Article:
So if you ever find yourself in Vietnam, you will have to re-learn your road-crossing rules. Do as we did and you’ll be fine. Take a local human shield where possible, walk steadily and straight and do not stop. With a bit of luck you will reach the other side. Again and again and again.
(The Sofitel Legend Metropole exterior – colonial style at its best)
Driving into central Hanoi is like entering a battleground of traffic and people. The broad avenues invite seas of mopeds and cyclos and bicycles to fill them, with all the noise and hustle that goes with a dense population getting about on zippy two-wheeled vehicles. No matter how prepared you may be for your first visit to Hanoi, it will still come as a sensory overload. After such a long journey to reach Hanoi, our first Vietnamese destination, Monsieur and I decided to buffer ourselves against potential culture shock by making reservations at the Sofitel Legend Metropole Hotel, near the Hanoi Opera House and a short walk from picturesque Hoan Kiem Lake.
(The lobby in the Opera Wing)
This is a hotel with history. The Metropole was built in 1901 and for the past century has witnessed the comings and goings of presidents, politicians, actors and writers. For many of the past hundred years, it has been considered one of the best hotels in Hanoi. Monsieur and I were interested to note that both Jacques Chirac and François Mitterrand were listed as former guests, Graham Greene penned part of ‘The Quiet American’ at the Metropole, and the likes of Charlie Chaplin, Robert de Niro and Cathérine Deneuve have graced its corridors. During the American War, correspondents and diplomats used the Metropole as their base, and in 1992 Sofitel reopened this Hanoi landmark following extensive restoration.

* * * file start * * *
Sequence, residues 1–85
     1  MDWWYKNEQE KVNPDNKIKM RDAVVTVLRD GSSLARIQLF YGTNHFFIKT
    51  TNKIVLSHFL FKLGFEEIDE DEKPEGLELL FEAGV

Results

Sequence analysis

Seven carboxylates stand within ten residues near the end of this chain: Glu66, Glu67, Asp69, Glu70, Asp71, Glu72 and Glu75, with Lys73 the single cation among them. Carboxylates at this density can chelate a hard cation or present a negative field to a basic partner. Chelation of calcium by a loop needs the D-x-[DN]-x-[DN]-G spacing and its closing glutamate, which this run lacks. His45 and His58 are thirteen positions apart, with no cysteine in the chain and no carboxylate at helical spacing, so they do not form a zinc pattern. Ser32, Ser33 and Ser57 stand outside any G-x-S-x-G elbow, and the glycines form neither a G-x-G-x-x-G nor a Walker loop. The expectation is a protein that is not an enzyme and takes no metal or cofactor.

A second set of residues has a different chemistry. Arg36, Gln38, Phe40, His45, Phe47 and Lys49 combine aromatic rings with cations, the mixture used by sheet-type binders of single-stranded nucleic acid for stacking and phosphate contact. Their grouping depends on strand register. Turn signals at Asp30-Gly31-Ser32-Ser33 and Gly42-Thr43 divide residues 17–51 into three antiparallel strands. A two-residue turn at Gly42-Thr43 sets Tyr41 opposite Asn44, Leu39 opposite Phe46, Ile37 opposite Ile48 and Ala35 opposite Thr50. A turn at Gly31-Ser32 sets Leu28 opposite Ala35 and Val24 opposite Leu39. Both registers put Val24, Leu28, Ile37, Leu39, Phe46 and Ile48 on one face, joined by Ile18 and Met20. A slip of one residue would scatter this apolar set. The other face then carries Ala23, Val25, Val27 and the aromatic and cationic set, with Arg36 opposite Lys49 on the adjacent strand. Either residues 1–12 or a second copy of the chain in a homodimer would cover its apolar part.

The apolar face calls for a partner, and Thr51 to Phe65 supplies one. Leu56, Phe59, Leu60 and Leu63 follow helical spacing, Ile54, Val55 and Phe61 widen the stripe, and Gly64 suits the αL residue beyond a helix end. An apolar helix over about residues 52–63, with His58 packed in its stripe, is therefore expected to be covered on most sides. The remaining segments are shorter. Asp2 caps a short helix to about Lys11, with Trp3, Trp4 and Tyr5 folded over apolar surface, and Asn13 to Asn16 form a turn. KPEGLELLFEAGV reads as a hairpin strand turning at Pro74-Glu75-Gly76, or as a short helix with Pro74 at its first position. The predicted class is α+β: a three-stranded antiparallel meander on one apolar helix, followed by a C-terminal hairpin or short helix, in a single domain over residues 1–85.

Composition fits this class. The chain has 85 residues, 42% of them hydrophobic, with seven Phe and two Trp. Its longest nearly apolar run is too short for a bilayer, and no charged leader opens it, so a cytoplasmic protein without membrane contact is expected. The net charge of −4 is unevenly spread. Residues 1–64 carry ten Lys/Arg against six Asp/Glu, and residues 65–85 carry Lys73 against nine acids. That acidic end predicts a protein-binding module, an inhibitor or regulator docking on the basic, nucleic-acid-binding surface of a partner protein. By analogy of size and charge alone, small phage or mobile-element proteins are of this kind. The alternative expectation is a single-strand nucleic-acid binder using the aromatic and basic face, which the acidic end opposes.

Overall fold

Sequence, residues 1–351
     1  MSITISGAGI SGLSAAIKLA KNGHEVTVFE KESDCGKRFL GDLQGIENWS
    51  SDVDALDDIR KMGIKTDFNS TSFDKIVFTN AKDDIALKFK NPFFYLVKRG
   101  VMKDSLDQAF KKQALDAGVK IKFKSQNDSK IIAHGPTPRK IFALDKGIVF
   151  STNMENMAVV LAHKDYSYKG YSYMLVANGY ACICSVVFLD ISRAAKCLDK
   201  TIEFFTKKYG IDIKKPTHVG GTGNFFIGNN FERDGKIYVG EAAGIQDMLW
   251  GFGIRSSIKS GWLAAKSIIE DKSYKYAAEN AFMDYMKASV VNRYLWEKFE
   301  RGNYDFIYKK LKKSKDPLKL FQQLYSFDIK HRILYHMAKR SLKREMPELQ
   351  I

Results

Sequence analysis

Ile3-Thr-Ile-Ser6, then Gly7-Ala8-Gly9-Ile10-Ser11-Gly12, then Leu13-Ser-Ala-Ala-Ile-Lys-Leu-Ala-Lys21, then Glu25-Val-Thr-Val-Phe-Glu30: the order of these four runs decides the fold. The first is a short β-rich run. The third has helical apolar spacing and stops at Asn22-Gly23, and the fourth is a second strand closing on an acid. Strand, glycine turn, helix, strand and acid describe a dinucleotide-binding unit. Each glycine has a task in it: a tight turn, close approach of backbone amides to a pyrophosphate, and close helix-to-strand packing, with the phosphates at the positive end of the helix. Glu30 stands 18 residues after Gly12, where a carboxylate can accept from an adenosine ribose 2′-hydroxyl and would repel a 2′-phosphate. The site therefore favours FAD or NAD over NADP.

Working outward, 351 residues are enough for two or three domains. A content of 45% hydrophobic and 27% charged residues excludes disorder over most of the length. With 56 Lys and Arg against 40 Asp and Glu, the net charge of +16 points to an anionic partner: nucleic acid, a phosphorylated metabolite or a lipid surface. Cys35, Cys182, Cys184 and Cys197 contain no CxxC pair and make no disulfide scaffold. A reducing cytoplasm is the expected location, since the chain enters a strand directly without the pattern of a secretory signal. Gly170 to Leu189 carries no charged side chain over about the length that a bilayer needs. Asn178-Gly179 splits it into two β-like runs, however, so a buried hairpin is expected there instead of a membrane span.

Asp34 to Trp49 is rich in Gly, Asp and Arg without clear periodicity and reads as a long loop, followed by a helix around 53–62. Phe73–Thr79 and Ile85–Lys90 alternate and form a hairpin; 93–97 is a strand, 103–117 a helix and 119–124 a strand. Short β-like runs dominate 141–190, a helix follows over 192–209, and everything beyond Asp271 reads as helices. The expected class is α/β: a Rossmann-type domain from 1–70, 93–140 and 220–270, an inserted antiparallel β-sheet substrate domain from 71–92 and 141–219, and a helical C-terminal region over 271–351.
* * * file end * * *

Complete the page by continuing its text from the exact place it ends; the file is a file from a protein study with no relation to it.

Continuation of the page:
Our expectations were understandably high as our taxi pulled over in front of the hotel, standing like a large, white oasis of calm in the midst of hectic Hanoi. The building was trademark colonial in style, with evergreen shutters at each window and a pair of vintage cars parked by its entrance, one of which was a beautiful old Metropole Citroen Traction.
(Olde worlde telephones are found in both lobby areas)
In the lobby, we noted the wood panelling and old-fashioned ceiling fans as we were greeted by staff in suits or flowing white Ao Dai, the graceful tunic and trouser sets that form part of the traditional dress of Vietnam. “Bonjour Monsieur! Bonjour Madame!” they chirped eagerly. Quite naturally, or so we thought, Monsieur and I replied to such greetings in French, but we were rewarded with blank stares of miscomprehension. Certainly, French used to be widely spoken in Vietnam, but nowadays English has taken over. French is only really spoken amongst French visitors or by the older generation who learned the language under French rule. Still, we gave the staff ten out of ten for trying, and wondered if Sofitel might give them some in-house French-for-hospitality lessons. They’re part of a French hotel group, after all, so it couldn’t hurt.
(Night table in Opera Wing room)
I’d hoped we’d be staying in the colonial wing, but on arrival we were upgraded to a room in the modern Opera wing to the rear of the hotel. Apparently the rooms are larger there, but the Colonial Wing rooms have ceiling fans and antiques. Would we mind?